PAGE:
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The Greenhouse Effect

Certain gases in our atmosphere - carbon dioxide, water vapor, and methane primarily - have unique characteristics that allow incoming solar radiation (light) to pass through the Earth's atmosphere, but prevent a significant amount of the outgoing infrared radiation (heat) from escaping back into space.

The Greenhouse Effect 

The phenomenon gets its name from the similarity to a garden greenhouse.  Visible light passes through the glass ceiling and walls of a greenhouse.  Some of the light is absorbed, some is reflected back, and a portion of it is radiated out as heat.  Glass, like carbon dioxide (CO2) and other "greenhouse gases" doesn't allow heat to escape back out.

The Greenhouse Effect is very important to life on Earth.  Without this phenomenon, the average temperature on Earth would be much lower than it is, and life on Earth (as we know it) would not exist. The presence of greenhouse gases causes Earth’s average global temperature to be approximately 60 degrees Fahrenheit and would fluctuate wildly between hot and cold without it.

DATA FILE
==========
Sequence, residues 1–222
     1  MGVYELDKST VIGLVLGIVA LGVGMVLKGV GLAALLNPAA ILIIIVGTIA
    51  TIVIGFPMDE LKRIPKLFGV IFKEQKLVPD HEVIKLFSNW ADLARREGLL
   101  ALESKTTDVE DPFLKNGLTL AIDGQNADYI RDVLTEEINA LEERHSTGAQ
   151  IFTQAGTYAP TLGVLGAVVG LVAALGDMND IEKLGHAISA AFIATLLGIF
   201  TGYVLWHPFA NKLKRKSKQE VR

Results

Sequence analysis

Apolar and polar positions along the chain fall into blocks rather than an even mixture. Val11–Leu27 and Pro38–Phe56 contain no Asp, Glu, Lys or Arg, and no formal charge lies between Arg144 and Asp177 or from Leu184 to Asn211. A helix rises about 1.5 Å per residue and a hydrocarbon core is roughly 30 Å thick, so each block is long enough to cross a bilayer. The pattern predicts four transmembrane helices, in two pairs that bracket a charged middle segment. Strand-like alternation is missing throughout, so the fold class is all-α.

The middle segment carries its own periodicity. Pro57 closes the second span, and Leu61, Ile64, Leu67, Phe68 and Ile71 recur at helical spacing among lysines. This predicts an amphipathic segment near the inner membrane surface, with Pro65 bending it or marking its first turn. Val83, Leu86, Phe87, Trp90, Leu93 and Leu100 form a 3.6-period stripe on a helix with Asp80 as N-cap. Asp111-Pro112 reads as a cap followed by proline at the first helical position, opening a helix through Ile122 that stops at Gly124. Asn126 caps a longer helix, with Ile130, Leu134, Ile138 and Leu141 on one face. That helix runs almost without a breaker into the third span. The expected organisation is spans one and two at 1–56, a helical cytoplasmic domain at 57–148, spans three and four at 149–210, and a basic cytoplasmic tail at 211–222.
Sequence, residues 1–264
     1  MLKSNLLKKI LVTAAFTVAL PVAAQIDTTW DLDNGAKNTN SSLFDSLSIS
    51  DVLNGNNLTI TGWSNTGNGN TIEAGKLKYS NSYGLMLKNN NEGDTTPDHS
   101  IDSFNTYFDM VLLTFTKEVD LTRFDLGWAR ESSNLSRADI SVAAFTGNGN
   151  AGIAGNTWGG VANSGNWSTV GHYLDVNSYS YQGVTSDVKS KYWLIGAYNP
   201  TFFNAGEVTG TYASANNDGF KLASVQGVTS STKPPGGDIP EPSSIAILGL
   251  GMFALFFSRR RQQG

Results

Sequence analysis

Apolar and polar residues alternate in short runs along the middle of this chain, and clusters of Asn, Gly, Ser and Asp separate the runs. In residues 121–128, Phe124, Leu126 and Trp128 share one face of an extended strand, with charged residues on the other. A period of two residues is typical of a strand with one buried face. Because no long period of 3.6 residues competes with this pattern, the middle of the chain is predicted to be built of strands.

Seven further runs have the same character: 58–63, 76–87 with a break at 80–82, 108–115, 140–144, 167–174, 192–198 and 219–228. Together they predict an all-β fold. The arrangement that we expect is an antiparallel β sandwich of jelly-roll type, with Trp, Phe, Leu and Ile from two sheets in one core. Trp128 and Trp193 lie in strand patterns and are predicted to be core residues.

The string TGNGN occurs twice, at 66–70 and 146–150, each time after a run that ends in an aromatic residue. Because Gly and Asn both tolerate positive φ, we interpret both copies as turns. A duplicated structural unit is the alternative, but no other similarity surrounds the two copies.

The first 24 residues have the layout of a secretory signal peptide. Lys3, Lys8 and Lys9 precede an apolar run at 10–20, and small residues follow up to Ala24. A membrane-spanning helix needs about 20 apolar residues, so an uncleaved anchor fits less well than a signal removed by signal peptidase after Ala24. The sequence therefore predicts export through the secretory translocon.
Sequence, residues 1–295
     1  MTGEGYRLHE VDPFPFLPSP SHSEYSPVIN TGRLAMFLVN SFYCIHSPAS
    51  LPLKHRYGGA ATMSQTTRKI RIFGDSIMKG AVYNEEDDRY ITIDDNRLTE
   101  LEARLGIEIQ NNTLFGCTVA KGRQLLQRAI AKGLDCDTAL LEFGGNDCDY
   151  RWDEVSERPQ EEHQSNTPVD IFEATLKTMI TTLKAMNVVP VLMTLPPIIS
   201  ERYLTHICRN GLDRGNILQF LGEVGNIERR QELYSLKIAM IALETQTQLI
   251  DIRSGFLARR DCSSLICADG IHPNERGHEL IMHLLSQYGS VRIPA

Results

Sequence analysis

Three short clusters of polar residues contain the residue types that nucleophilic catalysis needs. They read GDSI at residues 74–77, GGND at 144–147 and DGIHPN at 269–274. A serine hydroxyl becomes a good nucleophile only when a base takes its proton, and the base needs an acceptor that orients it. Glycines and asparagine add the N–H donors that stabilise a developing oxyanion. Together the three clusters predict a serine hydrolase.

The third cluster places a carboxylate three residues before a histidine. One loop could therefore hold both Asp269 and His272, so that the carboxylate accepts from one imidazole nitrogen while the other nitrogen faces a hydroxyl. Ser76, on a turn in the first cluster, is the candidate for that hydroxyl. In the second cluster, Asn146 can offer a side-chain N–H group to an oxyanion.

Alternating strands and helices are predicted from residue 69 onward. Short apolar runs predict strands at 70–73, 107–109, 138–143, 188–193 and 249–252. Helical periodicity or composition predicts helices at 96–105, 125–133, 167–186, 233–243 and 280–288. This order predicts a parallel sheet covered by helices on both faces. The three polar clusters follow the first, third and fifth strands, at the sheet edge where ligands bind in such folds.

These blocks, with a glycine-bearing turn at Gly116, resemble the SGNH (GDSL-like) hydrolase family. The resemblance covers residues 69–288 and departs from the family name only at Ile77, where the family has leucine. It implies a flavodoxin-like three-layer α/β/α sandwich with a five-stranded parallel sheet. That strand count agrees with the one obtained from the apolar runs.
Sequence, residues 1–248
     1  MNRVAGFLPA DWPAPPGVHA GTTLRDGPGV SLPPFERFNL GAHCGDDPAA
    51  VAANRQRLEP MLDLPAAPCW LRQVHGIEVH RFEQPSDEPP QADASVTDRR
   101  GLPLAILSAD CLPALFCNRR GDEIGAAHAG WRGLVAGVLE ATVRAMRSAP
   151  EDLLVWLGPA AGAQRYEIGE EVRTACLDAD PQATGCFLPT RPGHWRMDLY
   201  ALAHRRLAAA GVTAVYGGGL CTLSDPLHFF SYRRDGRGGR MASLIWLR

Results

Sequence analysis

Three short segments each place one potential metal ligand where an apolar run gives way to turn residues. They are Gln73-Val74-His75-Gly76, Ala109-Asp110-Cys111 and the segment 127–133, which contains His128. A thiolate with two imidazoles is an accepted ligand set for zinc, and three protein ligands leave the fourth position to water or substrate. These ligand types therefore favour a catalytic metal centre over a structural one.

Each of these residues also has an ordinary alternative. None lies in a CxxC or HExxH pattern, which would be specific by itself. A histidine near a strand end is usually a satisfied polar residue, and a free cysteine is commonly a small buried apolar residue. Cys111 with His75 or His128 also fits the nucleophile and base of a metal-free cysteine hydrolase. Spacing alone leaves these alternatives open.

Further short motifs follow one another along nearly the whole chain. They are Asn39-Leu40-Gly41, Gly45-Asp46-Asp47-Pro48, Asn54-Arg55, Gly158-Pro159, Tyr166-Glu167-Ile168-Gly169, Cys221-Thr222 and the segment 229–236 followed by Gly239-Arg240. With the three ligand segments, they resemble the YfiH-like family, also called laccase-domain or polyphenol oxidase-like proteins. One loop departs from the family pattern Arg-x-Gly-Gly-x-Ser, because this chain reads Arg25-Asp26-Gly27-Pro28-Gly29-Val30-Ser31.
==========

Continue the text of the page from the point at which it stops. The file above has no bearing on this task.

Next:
The problem arises when there's too much greenhouse gas in the atmosphere.  This is the case now.  Over the last 150 years, human activities have increased CO2 concentrations by 30%!  This "extra" CO2 has led to the phenomenon commonly called "Global Warming" or more accurately "Global Climate Change."

Back to Top Page Last Edited: Fri Aug 9, 2013 12:14:34 PM
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